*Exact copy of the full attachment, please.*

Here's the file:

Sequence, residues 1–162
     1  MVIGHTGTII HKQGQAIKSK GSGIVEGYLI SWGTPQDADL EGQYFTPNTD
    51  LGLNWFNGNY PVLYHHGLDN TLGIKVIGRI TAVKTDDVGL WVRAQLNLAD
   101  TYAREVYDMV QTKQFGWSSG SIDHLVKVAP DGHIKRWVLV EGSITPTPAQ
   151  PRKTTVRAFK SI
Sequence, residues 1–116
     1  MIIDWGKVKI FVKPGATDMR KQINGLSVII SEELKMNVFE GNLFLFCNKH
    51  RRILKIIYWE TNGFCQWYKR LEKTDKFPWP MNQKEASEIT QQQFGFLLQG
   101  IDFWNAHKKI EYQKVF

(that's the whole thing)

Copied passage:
Sequence, residues 1–162
     1  MVIGHTGTII HKQGQAIKSK GSGIVEGYLI SWGTPQDADL EGQYFTPNTD
    51  LGLNWFNGNY PVLYHHGLDN TLGIKVIGRI TAVKTDDVGL WVRAQLNLAD
   101  TYAREVYDMV QTKQFGWSSG SIDHLVKVAP DGHIKRWVLV EGSITPTPAQ
   151  PRKTTVRAFK SI
Sequence, residues 1–116
     1  MIIDWGKVKI FVKPGATDMR KQINGLSVII SEELKMNVFE GNLFLFCNKH
    51  RRILKIIYWE TNGFCQWYKR LEKTDKFPWP MNQKEASEIT QQQFGFLLQG
   101  IDFWNAHKKI EYQKVF